Keeping your Quilts from Being Stolen

Keeping your Quilts from Being Stolen

Have you ever heard of a quilt being stolen?  

Even typing that in gives me the willies and makes me sad.  It’s not something that we like to talk about or hear about.

It happens more than you think.

And not just from the quilt store.  Most often they are stolen from bathrooms (you know those super cute little quilts that decorate the walls), quilt shows (this is done A LOT!), stores, display booths, from the mail…..and it goes on.

Quilts are really admired by everyone and when there is an opportunity to take one- it usually happens.  I’m thinking for the most part it might be out of love.  The person who is doing the taking simply L O V E S the quilt enough to risk everything for ownership.

Because we are such a tight stitch family- us quilters, it’s not easy for the goods to be sold again without someone finding out.  We are very possessive and protective of our quilts and projects and we are always on the look out.

Whatever the reason- it happens.  It’s sad when it happens.

A lot of times, they aren’t found.


So, today let’s help each other out by finding ways you can give a little added protection to the quilt.  You don’t want to be the one getting the news that your quilt is gone.

keep your quilts from being stolen - learn 3 tricks to help keep your quilts safe.

3 Ways to Keep Your Quilts from Being Stolen~

  1. Label the quilt–  sounds so simple, but if you took a little bit of extra time to write or print on a piece of fabric and then stitch it on the quilt, that will help.  Give info on it that would help it get returned if it was taken.  Like -name, state.  When you attach your label try to get the stitching super secure.  Don’t make it easy to remove.  If you can – place it on the back before it is machine quilted.  Then it will be tacked down by a lot of stitches and not just the outside border.
  2. Use quilt hangers or tubes on the back of the quilt so it can’t just be lifted off the hanger and folded up. Add additional safety pins on the hanger tubes to secure, and not make it easy to slide right off.
  3. Documentation– take pictures.  Make notes.  Keep a quilt or project journal (this one is coming soon!)  When you are missing a quilt you can easily look up the details to help with description, size, pattern.  Have pictures- and even little details that wouldn’t be known to anyone but you the stitcher.  This will help identifying the quilt itself as well as provide info that you are truly the owner.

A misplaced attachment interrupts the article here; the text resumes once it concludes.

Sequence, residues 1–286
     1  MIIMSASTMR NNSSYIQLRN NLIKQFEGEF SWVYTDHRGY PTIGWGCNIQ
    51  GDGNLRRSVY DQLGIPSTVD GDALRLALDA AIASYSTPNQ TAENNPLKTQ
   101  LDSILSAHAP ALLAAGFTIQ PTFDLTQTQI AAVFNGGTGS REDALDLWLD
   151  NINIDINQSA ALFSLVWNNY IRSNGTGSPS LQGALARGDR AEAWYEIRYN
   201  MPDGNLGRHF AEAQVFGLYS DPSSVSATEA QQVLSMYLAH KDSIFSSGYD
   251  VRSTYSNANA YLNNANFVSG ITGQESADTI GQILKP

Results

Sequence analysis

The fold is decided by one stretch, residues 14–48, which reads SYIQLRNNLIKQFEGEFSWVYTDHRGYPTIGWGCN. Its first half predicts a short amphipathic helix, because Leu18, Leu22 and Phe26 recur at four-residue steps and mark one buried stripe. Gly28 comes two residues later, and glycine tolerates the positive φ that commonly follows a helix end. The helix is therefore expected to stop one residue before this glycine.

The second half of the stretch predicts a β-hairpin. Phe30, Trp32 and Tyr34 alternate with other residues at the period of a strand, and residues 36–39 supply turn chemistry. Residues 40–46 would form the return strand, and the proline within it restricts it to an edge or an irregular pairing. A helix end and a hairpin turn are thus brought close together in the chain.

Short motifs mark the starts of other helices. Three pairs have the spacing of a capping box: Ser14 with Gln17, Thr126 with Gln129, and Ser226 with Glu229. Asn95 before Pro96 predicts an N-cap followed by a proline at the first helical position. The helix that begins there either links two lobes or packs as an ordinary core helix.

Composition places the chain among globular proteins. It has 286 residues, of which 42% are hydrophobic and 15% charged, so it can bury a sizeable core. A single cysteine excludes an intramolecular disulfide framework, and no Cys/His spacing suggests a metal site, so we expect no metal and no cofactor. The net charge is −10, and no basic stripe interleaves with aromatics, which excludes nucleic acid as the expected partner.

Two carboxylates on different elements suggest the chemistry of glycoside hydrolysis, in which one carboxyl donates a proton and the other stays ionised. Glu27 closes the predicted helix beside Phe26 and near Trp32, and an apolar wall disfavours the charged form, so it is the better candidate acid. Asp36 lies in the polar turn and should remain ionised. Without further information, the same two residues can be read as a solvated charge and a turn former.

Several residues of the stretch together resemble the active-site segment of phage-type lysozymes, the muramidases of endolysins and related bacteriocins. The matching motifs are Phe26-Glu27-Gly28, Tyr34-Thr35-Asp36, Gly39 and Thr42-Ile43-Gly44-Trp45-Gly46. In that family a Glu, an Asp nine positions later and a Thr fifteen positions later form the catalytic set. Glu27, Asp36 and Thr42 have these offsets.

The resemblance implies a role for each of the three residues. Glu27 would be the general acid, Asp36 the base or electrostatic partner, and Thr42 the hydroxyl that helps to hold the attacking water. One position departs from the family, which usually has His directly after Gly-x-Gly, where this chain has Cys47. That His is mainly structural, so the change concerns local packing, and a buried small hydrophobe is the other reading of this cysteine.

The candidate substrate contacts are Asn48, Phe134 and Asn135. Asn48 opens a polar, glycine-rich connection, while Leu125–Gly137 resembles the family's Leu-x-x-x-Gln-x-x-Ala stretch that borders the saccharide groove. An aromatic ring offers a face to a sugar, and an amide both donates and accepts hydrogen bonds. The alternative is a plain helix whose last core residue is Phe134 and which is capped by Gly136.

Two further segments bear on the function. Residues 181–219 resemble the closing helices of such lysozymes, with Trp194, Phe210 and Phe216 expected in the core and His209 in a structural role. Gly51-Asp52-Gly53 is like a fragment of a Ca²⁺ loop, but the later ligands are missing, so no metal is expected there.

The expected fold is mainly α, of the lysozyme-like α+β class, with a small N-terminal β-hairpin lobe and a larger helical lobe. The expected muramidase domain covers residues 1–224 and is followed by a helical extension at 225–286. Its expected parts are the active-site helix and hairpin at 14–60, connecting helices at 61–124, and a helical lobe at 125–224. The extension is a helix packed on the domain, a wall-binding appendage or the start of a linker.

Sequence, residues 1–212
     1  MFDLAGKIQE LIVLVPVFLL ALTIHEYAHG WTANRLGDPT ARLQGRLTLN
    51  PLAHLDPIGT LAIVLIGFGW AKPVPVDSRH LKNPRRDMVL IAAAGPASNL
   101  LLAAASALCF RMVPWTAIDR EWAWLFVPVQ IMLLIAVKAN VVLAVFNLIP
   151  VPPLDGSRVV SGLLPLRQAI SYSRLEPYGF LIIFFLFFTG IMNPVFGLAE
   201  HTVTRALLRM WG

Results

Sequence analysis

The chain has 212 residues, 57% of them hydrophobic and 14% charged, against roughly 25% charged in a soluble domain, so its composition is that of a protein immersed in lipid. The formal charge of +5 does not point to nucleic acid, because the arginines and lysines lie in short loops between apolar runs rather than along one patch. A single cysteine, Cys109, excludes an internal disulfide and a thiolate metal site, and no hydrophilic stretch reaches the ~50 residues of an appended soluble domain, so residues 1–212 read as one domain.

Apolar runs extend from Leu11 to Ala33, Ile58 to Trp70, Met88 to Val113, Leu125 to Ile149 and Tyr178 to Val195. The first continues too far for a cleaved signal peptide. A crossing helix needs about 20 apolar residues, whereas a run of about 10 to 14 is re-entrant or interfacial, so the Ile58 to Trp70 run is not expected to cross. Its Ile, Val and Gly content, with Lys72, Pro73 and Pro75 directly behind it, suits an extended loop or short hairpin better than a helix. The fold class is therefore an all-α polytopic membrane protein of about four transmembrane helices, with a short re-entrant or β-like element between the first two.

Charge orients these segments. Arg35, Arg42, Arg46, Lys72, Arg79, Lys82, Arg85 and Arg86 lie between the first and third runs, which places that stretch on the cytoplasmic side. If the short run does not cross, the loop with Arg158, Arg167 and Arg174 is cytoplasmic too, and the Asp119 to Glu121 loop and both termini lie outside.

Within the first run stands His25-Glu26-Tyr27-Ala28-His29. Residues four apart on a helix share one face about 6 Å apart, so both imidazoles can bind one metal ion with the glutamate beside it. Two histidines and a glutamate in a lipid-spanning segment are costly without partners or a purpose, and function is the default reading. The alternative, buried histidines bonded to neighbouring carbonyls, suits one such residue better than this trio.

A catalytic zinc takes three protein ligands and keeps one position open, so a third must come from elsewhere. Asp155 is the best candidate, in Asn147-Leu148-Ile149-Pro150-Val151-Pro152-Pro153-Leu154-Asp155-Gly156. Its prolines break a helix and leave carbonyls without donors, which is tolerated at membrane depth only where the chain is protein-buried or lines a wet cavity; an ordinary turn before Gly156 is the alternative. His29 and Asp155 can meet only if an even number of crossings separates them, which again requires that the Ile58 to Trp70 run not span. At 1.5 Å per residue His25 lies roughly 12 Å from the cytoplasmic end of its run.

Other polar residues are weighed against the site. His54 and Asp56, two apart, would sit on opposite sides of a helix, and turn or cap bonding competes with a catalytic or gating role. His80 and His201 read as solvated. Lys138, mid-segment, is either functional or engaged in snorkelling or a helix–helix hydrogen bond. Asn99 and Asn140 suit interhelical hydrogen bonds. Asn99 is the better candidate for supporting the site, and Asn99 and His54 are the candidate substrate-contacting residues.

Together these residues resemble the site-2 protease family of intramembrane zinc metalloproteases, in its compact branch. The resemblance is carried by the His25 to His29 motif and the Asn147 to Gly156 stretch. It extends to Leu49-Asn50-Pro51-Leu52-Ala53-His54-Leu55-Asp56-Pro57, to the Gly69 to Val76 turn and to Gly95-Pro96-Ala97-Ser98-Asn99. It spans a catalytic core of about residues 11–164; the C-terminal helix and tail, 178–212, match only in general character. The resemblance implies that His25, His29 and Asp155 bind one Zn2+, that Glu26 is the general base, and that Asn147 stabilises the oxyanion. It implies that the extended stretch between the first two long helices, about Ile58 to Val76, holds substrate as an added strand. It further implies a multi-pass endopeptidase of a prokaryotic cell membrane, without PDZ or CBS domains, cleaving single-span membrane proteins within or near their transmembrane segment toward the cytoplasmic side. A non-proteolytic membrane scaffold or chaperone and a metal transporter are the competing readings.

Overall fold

Those are the ones that come off the top of my head.

I wonder if there was a ribbon you could stitch to the quilt and then pin it to the hanging bar…or something like that manner that would work?

What about a hidden pocket with a tracker? 🙂

If you have lost a quilt- what to do now? 

Reach out to your own connections and let them know – have your friends help spread the word.

Here are a couple of places you can check on for lost quilts as well.  It’s so nice to see others that help get the quilts back to their owners.

Lost Quilt Come Home

Missing Quilts

Stolen Quilts

I’m thinking there might a few others that you’ve heard of or used that have worked—- what are they?

Leave a comment and let us know about it.

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  1. Jennie

    22 April

    That’s awful, that we have to think about that, but it happens. I’m wondering if there is some type of security system, like they use in clothing in shops. They do make them that set off an alarm and not having a paint packet that would go off if removed incorrectly. But even those can be removed with a tool.

    There are also small GPS chips with batteries that could be installed behind the label and have an app to track it from your phone. At least the police would know where to find it.

    Technology has come so far that this shouldn’t be an issue anymore. These things might not have been created for quilt shows but could be used or adapted for this reason.

  2. Betty

    22 April

    Does anyone think the thief may also try to sell the quilt on etsy or ebay.

  3. Judy H.

    22 April

    It really surprises me that more quilt shows don’t employ magnetic tamper alarms. One magnet is attached to the back of the quilt with a safety pin and another magnet is attached to the display rod (usually screwed into the rod.) If the quilt is moved and the magnets come apart an alarm sounds. They run under $5 each. I usually bring my own and insist they use it … I put on after judging, of course.

  4. Sharon

    23 April

    What a very sad thought and one I that had not occurred to me! I think a hidden label would be a great idea, especially if it’s quilted in!

  5. Harriet

    28 April

    Just an untried idea here, but what about sewing an extra name label inside the quilt, say under the back right corner under the binding. That way a few ripped out stitches would show hidden proof of ownership were it to be in question.

  6. Becky

    28 April

    That’s a great idea actually– no one would know where it was so it would be only something for the owner to know. thanks for sharing that!

  7. Michele

    29 April

    For quilts going to shows, you could put a GPS tracker in the binding. That would make it easy to put in and out if you wanted.

  8. Donna

    18 May

    Writing your name, with pigman pen ink under the binding so it is hidden, or under the label, but can be revealed if you need to prove it is yours. I have been quilting my name with the machine. It blends with the quilting, but I know it is there.

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